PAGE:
Use this free tool to check if your PC is ready for Windows 7

Microsoft has released the beta version of its Windows 7 Upgrade Advisor, a free utility that tells you if your PC is ready to run Windows 7. It scans your computer, checking internal components, external peripherals, and programs, and alerts you to potential compatibility issues.

It also offers upgrade suggestions, such as which drivers to replace, should you make the move to Windows 7.

It’s a good idea to run Upgrade Advisor, which takes only a few minutes, if you plan to install Windows 7 Release Candidate, which is also available as a free download.

(The RC expires August 1, 2010.)

After downloading and installing Upgrade Advisor, you’ll see an opening screen that advises you to connect all of your external devices, such as hard drives, cameras, MP3 players, and so on:

Win Tool

I ran the Upgrade Advisor on a 2-year-old Gateway MX8734 notebook that with a 1.6GHz Intel Pentium T2060 processor, 1GB of RAM, a 160GB hard drive.

This system runs Vista sluggishly-no surprise given the 1 GB of memory-and based on initial reports from Redmond, I thought it might perform better with Windows 7.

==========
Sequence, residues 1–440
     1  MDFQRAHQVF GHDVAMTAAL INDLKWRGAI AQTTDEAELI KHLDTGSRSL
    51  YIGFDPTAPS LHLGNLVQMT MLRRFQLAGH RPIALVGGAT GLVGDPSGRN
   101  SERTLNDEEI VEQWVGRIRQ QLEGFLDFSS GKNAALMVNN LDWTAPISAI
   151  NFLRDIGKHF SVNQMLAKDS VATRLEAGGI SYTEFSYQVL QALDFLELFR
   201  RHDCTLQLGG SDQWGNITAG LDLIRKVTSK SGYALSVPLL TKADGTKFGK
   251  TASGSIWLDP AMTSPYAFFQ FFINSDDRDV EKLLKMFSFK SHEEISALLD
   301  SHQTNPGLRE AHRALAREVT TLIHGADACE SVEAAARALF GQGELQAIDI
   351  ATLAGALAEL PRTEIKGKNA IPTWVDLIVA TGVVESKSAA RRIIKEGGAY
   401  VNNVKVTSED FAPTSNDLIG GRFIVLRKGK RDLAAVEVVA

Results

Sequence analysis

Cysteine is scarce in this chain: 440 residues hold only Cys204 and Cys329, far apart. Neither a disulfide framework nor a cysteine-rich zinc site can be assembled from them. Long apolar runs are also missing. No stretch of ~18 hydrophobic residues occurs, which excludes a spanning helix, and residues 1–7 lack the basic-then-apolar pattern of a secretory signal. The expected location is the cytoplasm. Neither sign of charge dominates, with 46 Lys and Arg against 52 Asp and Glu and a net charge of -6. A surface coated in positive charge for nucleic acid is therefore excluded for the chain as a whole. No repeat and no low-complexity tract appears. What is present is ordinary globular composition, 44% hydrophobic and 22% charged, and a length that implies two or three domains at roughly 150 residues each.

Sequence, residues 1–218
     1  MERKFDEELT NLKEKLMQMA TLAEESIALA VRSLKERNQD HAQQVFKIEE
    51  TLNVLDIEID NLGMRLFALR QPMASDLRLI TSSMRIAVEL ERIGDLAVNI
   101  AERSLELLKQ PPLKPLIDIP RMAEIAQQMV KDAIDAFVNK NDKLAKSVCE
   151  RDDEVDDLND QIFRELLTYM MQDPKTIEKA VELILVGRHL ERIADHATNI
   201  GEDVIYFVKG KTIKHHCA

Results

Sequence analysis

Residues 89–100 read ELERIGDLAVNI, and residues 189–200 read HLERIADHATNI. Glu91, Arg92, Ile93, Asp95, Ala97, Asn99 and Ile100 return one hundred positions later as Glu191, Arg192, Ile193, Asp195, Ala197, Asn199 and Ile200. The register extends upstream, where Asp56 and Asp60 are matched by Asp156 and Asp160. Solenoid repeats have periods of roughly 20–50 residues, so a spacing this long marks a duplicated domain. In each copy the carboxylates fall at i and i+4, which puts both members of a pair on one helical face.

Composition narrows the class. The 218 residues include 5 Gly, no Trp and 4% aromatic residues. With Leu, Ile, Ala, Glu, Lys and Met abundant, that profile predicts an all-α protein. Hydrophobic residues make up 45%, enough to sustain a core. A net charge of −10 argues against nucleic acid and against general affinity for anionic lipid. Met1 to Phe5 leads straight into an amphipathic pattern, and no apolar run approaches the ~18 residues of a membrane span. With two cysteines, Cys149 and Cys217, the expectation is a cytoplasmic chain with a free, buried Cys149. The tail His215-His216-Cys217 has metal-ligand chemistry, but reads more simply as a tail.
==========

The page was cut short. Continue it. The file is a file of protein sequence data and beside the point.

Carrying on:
However, a recent PC World Test Center report says that may not be the case.

Win Tool 2

The compatibility check took about 6 minutes and found a few potential issues.

While the Gateway’s processor, memory, and hard drive met Windows 7’s minimum requirements (I expected this), Upgrade Advisor recommended that I download the latest driver for the Realtek Wireless 802.11b/g USB 2.0 network adapter before installing Win 7.

It didn’t find potential conflicts with any installed programs.

Upgrade Advisor also pointed out that Windows 7 doesn’t include Web filtering (Windows Mail and Parental Controls), and it included a link to Microsoft’s Windows Live Essentials site, where you can download the free Family Safety utility.

Upgrade Advisor runs on Windows Vista and Windows XP Service Pack 2.

Initial reaction among users who tried to install the tool was mixed.

One user – “rwengle” – complained that the tool wouldn’t run on a 64-bit XP PC. “If you try to update Windows XP using the 64 bit IE, it says you have to use a 32 bit version.”

However, “CrazyCrusher” disputed the above comment, claiming the tool does indeed work on PCs running XP 64bit and as well as a Vista.

A similar view was expressed by dennisl59 who ran Windows 7 Upgrade Advisor on Vista Sp1-64 Bit Home Premium w/IE 7 “with no issues.”

Another user “waldojim” has finally installed Windows 7 on their laptop and is “pleased” with the performance.


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Jim Love, Chief Content Officer, IT World Canada

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